Dr. Lynn Horton
Associate Professor, Director, International Studies Program
- The University of Virginia, Bachelor of Arts
New York University, Master of Arts
The University of Texas At Austin, Ph.D. in Sociology
- Lynn Horton (Ph.D. University of Texas, Austin) is an Associate Professor of Sociology. Her areas of interest include development, globalization, Latin America, social movements, gender, and qualitative research methods. Prior to joining the sociology faculty, she worked for non-governmental organizations on issues of human rights, sustainable development, gender equality, and the environment. She brings a global perspective to her teaching, with a decade of work and research experience in Central America. Her first book, Peasants in Arms: War and Peace in the Mountains of Nicaragua, draws on fieldwork carried out in Nicaragua's conflict zones to analyze the origins and outcomes of that country's decade-long civil war. Her second book, Grassroots Struggles for Sustainability in Central America, explores from a comparative perspective, processes of grassroots empowerment in Nicaragua, Costa Rica, and Panama, and the mobilization or rural and indigenous communities in favor of sustainability.
- Recent Creative, Scholarly Work and Publications
“Grassroots Movements” in The Blackwell Encyclopedia of Social and Political Movements. Edited by D. Snow, D. della Porta, B. Klandermans, and D. McAdam. Oxford: Blackwell Publishing Ltd., in press.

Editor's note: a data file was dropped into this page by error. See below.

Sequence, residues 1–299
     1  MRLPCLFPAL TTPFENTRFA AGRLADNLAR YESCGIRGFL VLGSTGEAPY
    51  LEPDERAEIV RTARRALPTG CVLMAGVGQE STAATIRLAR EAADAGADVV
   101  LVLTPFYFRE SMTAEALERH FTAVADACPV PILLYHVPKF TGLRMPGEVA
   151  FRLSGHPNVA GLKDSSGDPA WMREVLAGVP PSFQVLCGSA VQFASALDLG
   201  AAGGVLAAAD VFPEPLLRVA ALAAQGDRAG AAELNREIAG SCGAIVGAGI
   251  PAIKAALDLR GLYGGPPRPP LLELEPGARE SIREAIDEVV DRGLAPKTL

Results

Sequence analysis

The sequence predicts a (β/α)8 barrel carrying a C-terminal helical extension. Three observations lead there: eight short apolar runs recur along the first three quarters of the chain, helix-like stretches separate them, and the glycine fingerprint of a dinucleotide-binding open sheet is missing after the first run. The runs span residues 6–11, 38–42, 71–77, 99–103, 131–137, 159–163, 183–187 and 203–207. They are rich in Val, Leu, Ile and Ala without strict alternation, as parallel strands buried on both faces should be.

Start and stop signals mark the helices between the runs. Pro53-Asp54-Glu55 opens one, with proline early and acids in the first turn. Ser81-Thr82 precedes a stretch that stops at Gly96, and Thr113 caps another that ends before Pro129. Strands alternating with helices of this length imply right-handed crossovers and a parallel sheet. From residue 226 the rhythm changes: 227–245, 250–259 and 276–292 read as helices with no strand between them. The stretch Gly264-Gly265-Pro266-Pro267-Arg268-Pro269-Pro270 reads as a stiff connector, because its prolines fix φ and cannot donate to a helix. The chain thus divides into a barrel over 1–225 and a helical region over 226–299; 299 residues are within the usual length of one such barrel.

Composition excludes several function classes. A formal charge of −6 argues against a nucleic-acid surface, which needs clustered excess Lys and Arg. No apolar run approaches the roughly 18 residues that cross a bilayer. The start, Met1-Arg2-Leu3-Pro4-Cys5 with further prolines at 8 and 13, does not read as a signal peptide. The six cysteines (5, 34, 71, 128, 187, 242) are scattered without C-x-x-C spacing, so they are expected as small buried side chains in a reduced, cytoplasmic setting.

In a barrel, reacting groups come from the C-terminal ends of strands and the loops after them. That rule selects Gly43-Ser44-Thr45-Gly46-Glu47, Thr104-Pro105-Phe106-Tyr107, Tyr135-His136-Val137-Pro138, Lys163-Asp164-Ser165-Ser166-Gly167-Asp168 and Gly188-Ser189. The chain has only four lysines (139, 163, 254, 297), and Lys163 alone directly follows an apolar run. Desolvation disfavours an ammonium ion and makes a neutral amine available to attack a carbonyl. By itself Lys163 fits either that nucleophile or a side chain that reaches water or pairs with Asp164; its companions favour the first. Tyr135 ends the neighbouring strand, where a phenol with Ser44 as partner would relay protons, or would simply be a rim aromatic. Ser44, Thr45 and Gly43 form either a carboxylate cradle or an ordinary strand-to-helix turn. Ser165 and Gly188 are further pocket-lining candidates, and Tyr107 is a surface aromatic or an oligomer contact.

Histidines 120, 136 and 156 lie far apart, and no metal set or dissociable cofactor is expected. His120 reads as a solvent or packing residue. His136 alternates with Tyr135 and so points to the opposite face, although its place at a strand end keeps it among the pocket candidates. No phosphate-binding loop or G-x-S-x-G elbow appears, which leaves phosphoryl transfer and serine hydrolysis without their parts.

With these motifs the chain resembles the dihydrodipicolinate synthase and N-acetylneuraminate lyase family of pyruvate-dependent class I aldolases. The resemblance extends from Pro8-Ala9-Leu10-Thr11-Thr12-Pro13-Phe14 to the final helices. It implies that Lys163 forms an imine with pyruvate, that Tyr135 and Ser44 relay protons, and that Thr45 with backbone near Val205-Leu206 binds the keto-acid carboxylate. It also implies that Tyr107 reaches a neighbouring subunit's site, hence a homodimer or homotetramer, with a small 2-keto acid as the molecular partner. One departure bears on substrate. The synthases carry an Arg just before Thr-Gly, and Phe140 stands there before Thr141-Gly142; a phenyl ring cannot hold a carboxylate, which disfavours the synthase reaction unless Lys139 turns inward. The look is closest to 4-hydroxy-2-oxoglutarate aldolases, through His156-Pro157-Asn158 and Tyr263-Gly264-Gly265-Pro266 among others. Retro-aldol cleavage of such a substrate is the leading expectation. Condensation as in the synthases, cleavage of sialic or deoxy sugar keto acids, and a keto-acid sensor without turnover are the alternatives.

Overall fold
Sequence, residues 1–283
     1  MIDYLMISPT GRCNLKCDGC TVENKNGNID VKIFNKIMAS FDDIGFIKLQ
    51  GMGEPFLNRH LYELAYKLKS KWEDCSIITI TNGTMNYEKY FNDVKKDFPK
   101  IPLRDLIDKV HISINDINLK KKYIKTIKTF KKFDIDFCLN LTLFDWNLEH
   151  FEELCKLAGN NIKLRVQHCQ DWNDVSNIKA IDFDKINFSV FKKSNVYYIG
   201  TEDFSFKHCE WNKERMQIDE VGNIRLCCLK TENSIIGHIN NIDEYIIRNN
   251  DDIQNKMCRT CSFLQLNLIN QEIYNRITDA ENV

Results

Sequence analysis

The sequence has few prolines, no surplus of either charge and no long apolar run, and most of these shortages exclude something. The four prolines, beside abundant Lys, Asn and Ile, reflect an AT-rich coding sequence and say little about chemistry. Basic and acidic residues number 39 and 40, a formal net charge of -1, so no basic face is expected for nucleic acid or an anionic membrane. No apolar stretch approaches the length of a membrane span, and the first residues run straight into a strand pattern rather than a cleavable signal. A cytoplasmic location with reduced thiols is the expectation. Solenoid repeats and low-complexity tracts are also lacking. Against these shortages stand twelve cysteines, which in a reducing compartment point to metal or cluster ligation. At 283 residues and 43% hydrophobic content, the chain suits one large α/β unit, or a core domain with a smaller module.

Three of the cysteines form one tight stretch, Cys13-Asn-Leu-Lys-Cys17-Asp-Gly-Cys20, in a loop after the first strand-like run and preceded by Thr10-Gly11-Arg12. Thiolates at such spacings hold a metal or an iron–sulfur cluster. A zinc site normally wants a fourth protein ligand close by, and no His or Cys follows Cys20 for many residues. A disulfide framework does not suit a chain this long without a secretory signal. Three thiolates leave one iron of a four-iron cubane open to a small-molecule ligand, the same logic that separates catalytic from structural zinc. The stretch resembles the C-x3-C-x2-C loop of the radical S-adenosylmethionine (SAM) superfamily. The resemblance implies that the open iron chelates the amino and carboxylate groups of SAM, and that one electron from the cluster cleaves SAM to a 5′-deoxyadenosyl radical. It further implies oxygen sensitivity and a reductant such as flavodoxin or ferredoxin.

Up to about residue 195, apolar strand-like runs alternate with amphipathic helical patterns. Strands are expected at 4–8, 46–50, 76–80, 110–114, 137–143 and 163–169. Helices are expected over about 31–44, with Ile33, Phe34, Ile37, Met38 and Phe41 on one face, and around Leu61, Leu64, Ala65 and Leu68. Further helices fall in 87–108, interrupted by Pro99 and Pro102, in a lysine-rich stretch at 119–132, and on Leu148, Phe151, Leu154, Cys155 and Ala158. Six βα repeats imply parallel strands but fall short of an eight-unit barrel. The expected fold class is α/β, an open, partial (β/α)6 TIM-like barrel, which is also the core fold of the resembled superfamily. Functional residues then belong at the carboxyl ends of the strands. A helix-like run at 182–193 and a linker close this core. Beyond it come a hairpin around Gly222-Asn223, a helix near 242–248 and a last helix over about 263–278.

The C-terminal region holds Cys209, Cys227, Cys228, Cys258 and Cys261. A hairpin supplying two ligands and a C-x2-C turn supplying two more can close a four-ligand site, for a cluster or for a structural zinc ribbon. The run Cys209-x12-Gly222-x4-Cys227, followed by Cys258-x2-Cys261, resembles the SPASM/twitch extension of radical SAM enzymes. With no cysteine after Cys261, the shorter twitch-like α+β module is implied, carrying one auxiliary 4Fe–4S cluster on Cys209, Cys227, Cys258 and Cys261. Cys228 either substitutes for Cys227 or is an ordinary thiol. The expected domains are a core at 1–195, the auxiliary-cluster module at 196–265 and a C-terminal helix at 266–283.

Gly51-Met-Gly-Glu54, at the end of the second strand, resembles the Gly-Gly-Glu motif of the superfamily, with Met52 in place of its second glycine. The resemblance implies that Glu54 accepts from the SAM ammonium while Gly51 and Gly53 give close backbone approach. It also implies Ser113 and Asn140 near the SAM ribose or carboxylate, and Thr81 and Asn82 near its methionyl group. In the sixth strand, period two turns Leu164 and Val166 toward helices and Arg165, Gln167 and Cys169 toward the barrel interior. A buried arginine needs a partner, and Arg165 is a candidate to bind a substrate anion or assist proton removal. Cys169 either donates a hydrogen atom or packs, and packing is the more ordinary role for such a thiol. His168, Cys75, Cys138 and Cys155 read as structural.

"After the Earthquake: Gender Inequality and Transformation in Post-disaster Haiti." in
Gender and Development. Vol. 20(2).
“From Collectivism to Capitalism: Neoliberalism and Rural Mobilization in Nicaragua.” Latin American Politics and Society. Vol. 54(4).
"Is World Bank 'Good Governance' Good for the Poor? Central American Experiences." Comparative Sociology. Vol. 11(1).
"Grassroots Environmental Movements" in Berkshire Encyclopedia of Sustainability: Law and Politics of Sustainability.
Review of "Who Can Stop the Drums? Urban Social Movements in Chavez's Venezuela." in Contemporary Sociology. Vol 40(6).
Conducted field work in Port-au-Prince, Haiti, completing 21 interviews with local leaders of women's movements on the post-earthquake recovery period.
“Defenders of Nature and the Comarca: Frames of Ethnicity, Sustainability, and Nationalism in Panama” Mobilization. Vol 15(1).
“Buying up Nature: Economic and Social Impacts of Costa Rica’s Ecotourism Boom.” Latin American Perspectives. 36(3).